Novelist Gish Jen, asked to give a series of lectures at Harvard, writes that she accepted the invitation because of the opportunity to explore her thoughts and feelings about “a special way in which my cultural background was profoundly at odds with the literary culture I negotiated every day.” “Tiger Writing’’ comprises the three lectures, plus some very entertaining notes. The daughter of Chinese immigrants, Jen is interested in cultural differences in the idea of the self, the shape of memory and narrative, and the purpose of art. Probing, precise, and extremely thought-provoking, this is a small volume about big ideas.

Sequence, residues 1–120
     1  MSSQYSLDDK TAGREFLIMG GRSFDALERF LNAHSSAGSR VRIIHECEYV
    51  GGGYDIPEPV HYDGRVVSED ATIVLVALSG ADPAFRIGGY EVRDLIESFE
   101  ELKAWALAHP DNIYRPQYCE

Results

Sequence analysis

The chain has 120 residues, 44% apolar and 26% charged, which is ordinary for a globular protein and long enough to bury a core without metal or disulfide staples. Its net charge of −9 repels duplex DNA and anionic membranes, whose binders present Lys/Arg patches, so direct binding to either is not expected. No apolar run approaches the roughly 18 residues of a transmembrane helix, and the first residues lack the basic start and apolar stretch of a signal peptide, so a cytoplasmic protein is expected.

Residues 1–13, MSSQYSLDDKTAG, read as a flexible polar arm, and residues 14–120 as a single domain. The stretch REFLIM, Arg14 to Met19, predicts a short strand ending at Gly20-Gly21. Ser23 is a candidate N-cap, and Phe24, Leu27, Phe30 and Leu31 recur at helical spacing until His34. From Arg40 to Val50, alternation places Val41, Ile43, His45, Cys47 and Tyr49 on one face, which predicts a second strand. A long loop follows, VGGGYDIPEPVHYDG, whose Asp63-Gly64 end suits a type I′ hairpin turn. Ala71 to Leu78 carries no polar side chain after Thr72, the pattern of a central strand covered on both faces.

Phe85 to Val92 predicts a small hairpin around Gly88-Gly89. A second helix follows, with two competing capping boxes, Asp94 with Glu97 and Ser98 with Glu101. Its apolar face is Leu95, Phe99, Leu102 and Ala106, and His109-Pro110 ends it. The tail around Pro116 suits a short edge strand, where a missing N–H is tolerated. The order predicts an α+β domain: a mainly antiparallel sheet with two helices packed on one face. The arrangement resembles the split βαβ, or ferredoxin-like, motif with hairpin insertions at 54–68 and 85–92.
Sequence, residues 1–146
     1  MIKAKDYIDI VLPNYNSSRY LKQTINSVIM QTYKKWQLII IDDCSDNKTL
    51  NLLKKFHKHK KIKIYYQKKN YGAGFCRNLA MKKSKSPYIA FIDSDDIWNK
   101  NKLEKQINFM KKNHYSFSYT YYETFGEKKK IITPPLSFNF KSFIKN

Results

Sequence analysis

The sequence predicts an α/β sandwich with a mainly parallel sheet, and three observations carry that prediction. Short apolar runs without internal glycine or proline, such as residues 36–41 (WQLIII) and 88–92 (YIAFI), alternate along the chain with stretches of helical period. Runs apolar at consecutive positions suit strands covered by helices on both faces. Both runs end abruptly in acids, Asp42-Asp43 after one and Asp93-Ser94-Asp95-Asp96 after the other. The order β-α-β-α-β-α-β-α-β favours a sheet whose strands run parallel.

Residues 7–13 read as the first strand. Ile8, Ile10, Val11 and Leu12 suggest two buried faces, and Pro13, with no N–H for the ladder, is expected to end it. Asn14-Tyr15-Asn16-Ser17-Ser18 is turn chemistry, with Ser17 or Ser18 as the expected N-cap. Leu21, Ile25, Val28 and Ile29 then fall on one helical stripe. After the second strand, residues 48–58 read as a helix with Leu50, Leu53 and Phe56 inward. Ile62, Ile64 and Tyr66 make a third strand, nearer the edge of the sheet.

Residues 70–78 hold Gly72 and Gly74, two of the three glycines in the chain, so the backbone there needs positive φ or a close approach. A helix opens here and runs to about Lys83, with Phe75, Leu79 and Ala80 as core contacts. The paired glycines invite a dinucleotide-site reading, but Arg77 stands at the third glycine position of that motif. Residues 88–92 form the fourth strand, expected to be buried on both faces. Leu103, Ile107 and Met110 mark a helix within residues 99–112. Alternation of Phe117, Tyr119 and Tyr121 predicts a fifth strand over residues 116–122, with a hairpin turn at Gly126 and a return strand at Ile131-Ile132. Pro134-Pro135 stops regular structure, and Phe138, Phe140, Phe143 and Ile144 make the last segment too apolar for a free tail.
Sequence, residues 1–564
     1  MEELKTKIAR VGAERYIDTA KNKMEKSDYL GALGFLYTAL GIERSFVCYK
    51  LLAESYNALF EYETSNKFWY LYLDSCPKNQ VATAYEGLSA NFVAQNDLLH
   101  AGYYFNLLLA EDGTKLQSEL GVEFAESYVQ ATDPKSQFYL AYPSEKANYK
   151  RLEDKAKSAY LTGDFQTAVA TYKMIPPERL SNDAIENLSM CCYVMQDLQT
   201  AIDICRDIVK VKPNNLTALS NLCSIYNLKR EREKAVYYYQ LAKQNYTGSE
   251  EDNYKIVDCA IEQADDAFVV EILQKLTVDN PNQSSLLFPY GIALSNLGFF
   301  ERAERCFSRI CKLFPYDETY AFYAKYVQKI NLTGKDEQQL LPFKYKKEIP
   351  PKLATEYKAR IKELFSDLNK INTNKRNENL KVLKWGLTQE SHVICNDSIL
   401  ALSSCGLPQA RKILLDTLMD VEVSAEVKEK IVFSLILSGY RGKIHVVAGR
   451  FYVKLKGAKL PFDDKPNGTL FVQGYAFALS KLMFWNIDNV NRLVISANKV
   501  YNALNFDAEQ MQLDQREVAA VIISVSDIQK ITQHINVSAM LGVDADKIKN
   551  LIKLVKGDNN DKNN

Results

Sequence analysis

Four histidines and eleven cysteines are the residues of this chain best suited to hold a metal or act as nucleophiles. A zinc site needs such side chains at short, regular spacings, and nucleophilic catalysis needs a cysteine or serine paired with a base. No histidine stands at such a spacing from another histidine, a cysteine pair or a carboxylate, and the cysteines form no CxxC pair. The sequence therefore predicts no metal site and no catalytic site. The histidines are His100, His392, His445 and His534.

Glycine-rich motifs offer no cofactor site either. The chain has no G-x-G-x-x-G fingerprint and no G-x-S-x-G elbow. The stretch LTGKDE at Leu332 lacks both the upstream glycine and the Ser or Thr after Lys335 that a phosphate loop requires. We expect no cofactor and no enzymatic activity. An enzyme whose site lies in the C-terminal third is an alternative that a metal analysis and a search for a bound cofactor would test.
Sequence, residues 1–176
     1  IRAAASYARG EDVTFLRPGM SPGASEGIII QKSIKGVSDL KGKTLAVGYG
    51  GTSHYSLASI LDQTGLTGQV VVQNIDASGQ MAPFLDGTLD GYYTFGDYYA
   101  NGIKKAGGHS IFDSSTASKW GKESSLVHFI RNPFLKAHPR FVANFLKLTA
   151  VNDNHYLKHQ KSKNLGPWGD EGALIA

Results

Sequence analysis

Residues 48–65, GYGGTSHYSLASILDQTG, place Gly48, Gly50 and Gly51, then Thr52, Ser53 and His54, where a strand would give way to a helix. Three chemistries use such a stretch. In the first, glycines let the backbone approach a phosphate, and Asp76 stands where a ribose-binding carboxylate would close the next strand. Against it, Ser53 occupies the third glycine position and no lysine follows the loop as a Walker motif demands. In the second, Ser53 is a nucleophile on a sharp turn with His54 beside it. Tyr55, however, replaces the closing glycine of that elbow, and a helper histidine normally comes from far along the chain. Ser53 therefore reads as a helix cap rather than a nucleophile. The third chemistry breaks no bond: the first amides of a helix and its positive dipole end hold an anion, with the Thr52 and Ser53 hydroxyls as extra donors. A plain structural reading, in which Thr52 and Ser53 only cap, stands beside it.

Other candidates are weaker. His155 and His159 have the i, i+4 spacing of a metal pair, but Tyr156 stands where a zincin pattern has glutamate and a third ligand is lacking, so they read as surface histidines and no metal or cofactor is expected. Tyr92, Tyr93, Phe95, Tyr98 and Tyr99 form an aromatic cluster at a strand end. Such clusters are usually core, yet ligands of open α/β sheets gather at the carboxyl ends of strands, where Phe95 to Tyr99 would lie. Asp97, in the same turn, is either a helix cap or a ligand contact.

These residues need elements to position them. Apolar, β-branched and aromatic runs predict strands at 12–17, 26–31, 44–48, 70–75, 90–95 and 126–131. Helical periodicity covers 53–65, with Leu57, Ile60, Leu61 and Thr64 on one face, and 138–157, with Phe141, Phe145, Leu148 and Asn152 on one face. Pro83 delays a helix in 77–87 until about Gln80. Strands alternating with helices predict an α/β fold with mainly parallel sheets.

Jen begins with her father’s “notably un-self-centered” autobiography, written for his family when he was 85. While a typical Western life story of this type usually starts with the subject’s birth, Jen’s father’s doesn’t give his birth date and full name until Page 8. His memoir sketches 4,000 years of family history, focusing especially on their hometown and, later, the house in which he grew up: “before he describes any person,” Jen writes, “my father describes the power structure of his world as it was inscribed in its architecture.” This emphasis on the context rather than the individual demonstrates a mind-set that reflects the Chinese value of interdependence, which “stresses commonality, defines itself via its place, roles, loyalties, and duties, and tends to see things in context,” as opposed to the Western value of independence, which “stresses uniqueness, defines itself via inherent attributes such as traits, abilities, values, and preferences, and tends to see things in isolation.”